Churchey Appraisal, Inc. has answers to "Frequently Asked Questions"

Churchey Appraisal, Inc. is always prepared to elaborate on any concerns you might have about appraisals or real estate in Plymouth and Plymouth County. Contact Churchey Appraisal, Inc. today to talk about how we can help you with your valuation problems.

What is an appraisal?
Describe what an appraiser does
What would cause me to request a real estate appraisal?
What is the difference between an appraisal and a home inspection?
My agent performed a CMA for me. Is that the same as an appraisal?
What does the appraisal report contain?
After completing the report, what assurance is there that the value conclusion is legitimate?
What does it mean for an appraiser to be licensed?
Who do appraisers work for?
Where does Churchey Appraisal, Inc. get the information used to estimate values in Plymouth County or other areas?
Why should I hire a licensed appraiser?
My mortgage statement has an item on it for PMI? Can I get rid of that?
How do I get ready for the appraiser?
Define "Market Value"
Does the appraisal belong to the bank or the consumer?
How can I get the most ROI out of home improvements?



What is an appraisal?   (List of questions)

An appraisal report is an estimation leading to an opinion of value. The real estate appraiser will use a several "approaches," typically three, to conclude the estimation of market value. One of them is the Cost Approach - which is what it would cost to replace the improvements, minus physical deterioration and other factors, plus the land value. The Sales Comparison Approach involves searching for similar homes in the vicinity and finding value based on making a comparison of those properties to the house being investigated. Generally speaking, the Sales Comparison Approach is the most definite indicator of market value of a residential property. The Income Approach is primarily used for finding the market value of income-producing properties based on what an investor would pay based on the amount of capital a property produce.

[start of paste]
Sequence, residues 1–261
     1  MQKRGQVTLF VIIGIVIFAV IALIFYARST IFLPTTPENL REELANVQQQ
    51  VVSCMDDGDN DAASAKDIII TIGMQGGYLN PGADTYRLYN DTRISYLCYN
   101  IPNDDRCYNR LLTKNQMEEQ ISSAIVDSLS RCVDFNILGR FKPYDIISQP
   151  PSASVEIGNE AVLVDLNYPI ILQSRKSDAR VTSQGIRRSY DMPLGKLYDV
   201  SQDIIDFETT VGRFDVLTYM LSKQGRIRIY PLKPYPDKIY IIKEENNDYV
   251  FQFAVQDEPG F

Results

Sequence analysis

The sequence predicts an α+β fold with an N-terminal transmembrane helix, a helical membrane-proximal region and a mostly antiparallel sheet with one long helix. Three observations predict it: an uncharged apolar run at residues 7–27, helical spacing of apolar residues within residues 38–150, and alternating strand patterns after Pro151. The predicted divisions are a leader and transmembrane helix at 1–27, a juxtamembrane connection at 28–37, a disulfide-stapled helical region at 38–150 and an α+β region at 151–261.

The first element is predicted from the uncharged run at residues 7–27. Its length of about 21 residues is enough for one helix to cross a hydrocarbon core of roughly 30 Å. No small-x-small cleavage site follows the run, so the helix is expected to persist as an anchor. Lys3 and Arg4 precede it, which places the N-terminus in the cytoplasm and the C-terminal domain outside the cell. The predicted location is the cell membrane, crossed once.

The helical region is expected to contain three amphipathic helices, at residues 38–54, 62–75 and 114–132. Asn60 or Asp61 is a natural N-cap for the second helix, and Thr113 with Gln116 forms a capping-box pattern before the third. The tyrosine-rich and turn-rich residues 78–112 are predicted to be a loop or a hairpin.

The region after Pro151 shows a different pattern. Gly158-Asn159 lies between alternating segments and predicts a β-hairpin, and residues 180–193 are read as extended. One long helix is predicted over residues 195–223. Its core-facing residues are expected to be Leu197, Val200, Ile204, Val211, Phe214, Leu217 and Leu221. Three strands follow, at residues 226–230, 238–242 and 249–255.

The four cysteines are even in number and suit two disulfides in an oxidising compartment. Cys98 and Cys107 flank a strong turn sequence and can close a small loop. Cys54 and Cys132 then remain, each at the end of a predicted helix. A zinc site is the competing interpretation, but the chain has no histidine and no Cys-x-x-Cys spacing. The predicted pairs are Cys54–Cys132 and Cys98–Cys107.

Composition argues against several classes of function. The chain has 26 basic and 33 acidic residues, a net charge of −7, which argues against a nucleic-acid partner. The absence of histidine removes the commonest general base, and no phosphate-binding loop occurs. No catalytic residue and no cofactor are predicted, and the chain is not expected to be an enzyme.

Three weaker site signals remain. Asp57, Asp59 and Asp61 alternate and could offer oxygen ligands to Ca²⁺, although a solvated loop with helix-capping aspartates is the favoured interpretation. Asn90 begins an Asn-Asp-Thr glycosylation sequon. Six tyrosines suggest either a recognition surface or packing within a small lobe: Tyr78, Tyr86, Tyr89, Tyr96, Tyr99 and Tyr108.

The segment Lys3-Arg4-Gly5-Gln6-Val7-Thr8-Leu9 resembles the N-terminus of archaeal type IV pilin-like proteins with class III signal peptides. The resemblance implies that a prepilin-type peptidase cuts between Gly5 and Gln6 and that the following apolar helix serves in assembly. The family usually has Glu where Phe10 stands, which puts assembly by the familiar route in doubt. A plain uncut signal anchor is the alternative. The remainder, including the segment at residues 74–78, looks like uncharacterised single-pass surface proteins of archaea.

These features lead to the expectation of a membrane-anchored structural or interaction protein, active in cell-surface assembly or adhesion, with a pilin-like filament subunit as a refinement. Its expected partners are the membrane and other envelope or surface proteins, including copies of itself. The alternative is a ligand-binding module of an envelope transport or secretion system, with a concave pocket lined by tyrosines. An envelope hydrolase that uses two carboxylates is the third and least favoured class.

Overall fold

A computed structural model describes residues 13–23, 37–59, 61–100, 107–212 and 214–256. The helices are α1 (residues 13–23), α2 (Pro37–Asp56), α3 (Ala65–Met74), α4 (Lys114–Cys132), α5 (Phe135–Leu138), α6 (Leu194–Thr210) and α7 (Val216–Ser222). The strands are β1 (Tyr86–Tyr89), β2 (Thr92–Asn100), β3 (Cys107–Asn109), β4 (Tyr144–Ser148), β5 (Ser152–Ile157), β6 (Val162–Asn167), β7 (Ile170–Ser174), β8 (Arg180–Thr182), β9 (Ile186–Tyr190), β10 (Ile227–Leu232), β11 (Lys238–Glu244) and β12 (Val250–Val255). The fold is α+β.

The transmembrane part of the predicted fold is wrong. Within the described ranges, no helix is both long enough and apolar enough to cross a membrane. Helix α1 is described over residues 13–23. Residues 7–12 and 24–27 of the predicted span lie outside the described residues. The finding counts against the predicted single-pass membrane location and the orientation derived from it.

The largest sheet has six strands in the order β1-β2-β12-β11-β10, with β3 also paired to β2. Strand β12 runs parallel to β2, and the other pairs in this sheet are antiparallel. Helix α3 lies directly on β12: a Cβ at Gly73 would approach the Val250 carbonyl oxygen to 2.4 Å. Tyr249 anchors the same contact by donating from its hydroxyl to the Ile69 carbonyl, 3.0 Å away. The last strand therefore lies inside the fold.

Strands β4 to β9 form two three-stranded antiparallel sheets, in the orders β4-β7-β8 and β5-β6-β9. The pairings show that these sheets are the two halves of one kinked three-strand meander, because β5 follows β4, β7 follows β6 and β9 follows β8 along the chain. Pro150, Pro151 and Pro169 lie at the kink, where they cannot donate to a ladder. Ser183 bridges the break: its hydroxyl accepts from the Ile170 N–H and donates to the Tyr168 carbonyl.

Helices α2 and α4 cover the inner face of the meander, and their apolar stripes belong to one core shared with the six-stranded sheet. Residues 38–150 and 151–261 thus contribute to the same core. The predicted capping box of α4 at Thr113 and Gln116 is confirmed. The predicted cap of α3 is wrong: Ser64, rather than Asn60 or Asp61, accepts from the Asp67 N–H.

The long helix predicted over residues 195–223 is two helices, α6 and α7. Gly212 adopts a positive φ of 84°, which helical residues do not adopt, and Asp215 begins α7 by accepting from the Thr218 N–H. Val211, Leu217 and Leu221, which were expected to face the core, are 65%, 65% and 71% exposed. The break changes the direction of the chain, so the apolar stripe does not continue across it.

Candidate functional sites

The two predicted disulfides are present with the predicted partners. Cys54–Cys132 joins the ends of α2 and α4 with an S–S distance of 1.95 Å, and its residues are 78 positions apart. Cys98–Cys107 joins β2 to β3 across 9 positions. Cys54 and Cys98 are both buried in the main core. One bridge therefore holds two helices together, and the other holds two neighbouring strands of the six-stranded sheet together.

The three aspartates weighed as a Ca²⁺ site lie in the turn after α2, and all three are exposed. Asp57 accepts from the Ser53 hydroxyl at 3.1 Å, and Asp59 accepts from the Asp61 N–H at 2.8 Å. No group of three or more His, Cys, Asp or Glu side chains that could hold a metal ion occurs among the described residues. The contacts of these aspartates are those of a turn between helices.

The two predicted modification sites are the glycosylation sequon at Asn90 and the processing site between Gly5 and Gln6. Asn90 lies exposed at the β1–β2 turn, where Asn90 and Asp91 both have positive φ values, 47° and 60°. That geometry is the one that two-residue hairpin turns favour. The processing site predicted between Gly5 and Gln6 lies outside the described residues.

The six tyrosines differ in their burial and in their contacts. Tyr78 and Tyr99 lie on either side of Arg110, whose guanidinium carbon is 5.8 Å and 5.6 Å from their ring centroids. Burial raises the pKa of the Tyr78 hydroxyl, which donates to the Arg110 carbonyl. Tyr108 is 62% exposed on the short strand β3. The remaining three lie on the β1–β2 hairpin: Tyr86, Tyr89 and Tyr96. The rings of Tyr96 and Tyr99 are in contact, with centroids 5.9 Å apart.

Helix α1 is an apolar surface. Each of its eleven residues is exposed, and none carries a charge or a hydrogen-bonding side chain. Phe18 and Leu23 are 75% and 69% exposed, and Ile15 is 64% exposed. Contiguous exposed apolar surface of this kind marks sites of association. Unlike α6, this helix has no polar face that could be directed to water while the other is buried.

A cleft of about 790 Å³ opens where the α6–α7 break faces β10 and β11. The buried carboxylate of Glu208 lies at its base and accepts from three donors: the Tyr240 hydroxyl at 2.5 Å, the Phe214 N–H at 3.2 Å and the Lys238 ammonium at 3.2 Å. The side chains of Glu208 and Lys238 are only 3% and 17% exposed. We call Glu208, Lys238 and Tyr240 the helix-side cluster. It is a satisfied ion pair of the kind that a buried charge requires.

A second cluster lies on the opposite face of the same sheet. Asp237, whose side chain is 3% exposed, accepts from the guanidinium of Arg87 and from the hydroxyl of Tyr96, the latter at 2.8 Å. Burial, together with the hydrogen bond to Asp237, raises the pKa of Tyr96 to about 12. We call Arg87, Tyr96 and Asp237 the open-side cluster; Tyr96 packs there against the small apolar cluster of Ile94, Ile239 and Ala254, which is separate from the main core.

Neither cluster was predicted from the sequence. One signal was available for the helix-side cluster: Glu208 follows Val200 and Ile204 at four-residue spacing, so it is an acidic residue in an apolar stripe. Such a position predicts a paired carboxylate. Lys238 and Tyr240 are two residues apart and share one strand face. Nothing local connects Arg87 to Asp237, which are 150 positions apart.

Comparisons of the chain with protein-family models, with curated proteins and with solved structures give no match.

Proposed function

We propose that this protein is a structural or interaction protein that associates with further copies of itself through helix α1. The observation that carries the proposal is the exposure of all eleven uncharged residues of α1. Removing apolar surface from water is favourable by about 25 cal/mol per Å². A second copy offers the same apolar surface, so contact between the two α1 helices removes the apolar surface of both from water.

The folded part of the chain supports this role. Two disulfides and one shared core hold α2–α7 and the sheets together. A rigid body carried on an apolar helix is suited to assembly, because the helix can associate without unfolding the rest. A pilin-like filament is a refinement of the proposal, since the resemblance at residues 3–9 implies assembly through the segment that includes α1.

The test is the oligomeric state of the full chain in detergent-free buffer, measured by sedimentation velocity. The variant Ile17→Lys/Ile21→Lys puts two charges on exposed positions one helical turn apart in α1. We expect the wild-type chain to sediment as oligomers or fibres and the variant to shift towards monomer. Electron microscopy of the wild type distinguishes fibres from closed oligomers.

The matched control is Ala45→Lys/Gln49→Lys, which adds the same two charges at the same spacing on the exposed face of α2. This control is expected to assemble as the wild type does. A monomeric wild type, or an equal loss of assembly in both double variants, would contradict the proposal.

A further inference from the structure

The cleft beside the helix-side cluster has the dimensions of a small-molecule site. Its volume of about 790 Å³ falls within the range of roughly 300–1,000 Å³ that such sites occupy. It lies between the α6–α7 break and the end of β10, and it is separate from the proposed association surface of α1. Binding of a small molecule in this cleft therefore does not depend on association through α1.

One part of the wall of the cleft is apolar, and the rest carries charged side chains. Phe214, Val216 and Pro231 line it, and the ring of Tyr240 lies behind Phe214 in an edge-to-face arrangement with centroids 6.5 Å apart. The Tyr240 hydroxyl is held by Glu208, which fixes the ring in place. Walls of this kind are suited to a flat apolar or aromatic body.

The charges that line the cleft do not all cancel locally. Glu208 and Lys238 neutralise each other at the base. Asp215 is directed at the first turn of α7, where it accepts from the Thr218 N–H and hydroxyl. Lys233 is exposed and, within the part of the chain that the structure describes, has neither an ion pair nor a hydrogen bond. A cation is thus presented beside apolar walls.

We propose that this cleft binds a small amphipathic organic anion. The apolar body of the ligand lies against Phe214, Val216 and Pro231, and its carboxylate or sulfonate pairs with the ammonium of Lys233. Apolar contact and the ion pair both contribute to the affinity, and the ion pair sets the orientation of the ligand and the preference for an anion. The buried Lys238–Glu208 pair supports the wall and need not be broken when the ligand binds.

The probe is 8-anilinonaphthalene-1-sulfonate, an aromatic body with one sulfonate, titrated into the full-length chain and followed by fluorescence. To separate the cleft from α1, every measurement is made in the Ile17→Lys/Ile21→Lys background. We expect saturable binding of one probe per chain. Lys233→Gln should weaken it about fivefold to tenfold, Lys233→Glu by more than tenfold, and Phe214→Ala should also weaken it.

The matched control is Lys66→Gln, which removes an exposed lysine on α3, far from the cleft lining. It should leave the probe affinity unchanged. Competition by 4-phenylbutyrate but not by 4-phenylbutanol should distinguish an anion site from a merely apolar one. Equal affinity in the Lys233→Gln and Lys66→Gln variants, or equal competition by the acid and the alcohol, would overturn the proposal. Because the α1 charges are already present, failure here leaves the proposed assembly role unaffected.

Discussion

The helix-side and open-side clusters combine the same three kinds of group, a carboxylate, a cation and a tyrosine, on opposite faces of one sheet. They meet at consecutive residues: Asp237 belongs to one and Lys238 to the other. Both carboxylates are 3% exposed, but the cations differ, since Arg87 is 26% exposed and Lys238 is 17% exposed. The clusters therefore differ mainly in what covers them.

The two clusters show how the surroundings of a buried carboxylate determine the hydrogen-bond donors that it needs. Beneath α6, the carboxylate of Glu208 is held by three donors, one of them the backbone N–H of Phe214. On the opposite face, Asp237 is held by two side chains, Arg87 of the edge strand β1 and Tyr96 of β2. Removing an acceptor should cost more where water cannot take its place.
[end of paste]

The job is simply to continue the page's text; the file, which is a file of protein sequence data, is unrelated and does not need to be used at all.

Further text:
Describe what an appraiser does   (List of questions)

An appraiser produces a professional, unbiased assessment of market value, often in the context of a real estate exchange. Appraisers exhibit their professional investigation in appraisal reports.


What would cause me to request a real estate appraisal?   (List of questions)

There are a lot of reasons to order an appraisal from Churchey Appraisal, Inc. with the usual reason being real estate and mortgage transactions. Other reasons for ordering an report include:
  • To obtain a loan.
  • To lower your property taxes.
  • To show a homeowner has 30% equity and remove Primary Mortgage Insurance.
  • To fight inflated property taxes.
  • If you need to take care of an estate.
  • To provide you an edge when purchasing real estate.
  • To figure out an honest sales price when selling your home.
  • To protect your rights if your property is being taken by means of eminent domain in a condemnation case.
  • Government agencies such as the IRS need an appraisal on every property.
  • It's possible you could have to deal with being in a lawsuit - an appraisal will help.
If you need a more detailed explanation of the appraisal process, please click here.


What is the difference between an appraisal and a home inspection?   (List of questions)